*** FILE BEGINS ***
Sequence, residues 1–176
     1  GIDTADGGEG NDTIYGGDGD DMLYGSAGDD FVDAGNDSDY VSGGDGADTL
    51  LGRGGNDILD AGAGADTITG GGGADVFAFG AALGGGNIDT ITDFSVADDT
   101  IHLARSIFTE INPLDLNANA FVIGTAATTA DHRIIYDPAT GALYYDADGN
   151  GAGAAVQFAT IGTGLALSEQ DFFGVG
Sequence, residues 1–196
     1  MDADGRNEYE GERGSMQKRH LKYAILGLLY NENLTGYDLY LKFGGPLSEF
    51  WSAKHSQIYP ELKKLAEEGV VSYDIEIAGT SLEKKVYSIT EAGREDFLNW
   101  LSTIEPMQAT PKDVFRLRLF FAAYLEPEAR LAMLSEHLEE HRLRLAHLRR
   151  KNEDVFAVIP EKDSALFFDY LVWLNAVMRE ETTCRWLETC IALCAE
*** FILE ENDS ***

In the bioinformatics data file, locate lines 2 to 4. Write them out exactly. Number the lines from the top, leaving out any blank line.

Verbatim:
     1  GIDTADGGEG NDTIYGGDGD DMLYGSAGDD FVDAGNDSDY VSGGDGADTL
    51  LGRGGNDILD AGAGADTITG GGGADVFAFG AALGGGNIDT ITDFSVADDT
   101  IHLARSIFTE INPLDLNANA FVIGTAATTA DHRIIYDPAT GALYYDADGN